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Young Americans prefer self-checkout in stores: they can steal better

Young Americans prefer self-checkout in stores: they can steal better

According to new data from Avery Dennison, more than half of Gen Z shoppers prefer self-checkout lines — and would change their local store for the ease of using self-service kiosks — but it's not about personality or practicality.

In fact, A A third of buyers are young Admit theft while paying at self-service checkout.

According to a recent poll of 2,000 Americans conducted by LendingTree and published by the New York Post, nearly half of Gen Z respondents said they steal the most expensive item in their shopping cart, while only 37% said they only steal to gather basic necessities.

Some have argued that this criminal behavior is a means of political revenge. The convenient, low-risk version of proletariat expropriation.

“There are a lot of companies that don't care about their customers, they just care about making money,” one sticky-fingered teenager told Vice in 2020. At that time, there was a wave of shoplifting tips and tricks that went viral.

He added: “If we can punish the company, we believe we have done our best.” Their sentiments point to a larger trend: According to a 2021 survey, in fact, just over half of Generation Z have a negative attitude. Towards capitalism.

“I don't think stealing from big companies is unethical, because it undermines systems that exploit workers and resources for financial gain,” a 19-year-old told Dazed last year.

What constitutes a political statement to one party constitutes an economic risk to another, and this may lead to a slowdown in the delivery of innovation in large-scale retail that many consumers value.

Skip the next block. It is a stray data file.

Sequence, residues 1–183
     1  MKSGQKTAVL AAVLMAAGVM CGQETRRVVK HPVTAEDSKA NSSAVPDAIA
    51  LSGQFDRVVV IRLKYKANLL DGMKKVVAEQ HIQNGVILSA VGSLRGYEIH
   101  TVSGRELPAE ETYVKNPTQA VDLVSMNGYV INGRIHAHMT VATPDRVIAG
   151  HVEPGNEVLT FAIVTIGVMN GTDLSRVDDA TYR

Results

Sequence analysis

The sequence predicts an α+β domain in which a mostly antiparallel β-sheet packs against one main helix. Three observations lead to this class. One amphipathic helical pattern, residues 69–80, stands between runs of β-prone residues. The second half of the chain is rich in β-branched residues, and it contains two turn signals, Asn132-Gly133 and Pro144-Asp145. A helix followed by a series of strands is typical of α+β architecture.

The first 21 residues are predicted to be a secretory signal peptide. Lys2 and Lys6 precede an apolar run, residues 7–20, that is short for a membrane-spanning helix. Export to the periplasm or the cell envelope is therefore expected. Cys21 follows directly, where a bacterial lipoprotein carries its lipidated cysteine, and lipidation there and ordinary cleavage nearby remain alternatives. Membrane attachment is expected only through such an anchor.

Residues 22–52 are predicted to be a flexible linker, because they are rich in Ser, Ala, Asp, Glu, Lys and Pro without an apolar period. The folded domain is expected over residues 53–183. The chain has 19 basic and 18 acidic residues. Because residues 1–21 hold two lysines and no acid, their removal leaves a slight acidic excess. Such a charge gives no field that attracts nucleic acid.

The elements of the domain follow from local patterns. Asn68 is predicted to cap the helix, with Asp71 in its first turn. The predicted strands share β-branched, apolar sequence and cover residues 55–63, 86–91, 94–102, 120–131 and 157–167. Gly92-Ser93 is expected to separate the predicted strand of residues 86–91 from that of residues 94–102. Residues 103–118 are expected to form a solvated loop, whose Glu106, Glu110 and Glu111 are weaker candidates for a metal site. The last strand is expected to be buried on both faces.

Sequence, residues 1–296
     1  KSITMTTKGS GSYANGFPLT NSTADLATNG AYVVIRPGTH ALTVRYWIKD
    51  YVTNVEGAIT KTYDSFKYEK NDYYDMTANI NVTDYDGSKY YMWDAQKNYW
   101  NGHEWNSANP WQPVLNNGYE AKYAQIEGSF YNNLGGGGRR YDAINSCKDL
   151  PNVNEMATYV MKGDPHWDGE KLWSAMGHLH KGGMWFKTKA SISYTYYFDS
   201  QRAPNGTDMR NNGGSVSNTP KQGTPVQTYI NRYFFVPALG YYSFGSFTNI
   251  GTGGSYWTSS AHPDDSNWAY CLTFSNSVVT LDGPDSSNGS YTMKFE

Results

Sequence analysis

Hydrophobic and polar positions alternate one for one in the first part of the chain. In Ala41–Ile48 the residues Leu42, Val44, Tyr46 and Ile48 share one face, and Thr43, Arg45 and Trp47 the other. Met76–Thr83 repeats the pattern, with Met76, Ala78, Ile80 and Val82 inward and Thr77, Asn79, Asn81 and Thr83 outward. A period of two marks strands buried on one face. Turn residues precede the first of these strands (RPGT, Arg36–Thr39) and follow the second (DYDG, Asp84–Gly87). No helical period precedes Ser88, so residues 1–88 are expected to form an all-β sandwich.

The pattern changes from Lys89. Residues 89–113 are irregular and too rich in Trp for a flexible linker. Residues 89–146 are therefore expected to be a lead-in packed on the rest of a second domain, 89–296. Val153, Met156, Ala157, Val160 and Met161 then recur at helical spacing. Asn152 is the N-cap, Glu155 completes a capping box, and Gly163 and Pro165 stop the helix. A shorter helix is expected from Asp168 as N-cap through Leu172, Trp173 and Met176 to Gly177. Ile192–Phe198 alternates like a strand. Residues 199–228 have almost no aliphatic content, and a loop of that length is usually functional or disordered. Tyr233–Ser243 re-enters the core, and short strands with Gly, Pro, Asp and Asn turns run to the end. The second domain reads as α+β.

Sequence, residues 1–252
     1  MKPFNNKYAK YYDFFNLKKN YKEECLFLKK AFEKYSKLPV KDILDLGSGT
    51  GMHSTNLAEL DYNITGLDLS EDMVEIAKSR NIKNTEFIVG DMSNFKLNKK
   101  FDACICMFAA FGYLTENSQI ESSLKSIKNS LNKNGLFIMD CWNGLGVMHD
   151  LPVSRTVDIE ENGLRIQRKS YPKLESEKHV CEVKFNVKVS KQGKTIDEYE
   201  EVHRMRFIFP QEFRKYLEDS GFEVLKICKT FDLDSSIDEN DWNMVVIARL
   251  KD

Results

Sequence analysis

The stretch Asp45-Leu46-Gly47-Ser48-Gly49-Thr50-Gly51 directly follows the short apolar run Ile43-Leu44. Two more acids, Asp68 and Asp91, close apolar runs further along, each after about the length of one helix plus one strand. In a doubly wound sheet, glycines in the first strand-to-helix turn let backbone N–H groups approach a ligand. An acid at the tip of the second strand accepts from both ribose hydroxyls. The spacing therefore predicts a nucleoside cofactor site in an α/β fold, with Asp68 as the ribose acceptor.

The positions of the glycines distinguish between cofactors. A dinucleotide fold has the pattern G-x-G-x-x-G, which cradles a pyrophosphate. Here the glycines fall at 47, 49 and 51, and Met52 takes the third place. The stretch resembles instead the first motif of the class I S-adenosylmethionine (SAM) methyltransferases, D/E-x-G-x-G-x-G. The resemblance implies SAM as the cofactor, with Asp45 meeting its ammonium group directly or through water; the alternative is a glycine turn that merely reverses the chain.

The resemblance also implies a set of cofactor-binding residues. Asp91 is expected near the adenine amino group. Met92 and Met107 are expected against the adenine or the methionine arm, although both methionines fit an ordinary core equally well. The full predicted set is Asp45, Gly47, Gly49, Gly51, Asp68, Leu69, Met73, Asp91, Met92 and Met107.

“While self-checkouts are convenient, they certainly pose a risk of shoplifting,” said Matt Schulz, senior analyst at LendingTree. “Ultimately, retailers must decide whether self-checkout stations are worth the risk.”

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Popular chains like Costco and Wegmans began rethinking self-service machines late last year; Walmart even pulled the kiosks from three of its New Mexico locations.

According to CNN, retailers face the problem of “shrinkage,” or the loss of goods due to trivial thefts or errors on the part of customers, such as registering the wrong type of apple or tomato, as an international study showed, which proved a rate of 4%. The loss rate for businesses that use self-checkout is nearly double the average.

Amazon implements a different technology in its brick-and-mortar stores, which only exists in the USA, which charges people's accounts with products that are registered as being taken from shelves. So, in this case, speed and security are combined, and so far, according to company officials, there have been no errors.

But something is clearly not working in a generation that fears they can steal with impunity. It seems clear that something in the education system is not working. What do you think?


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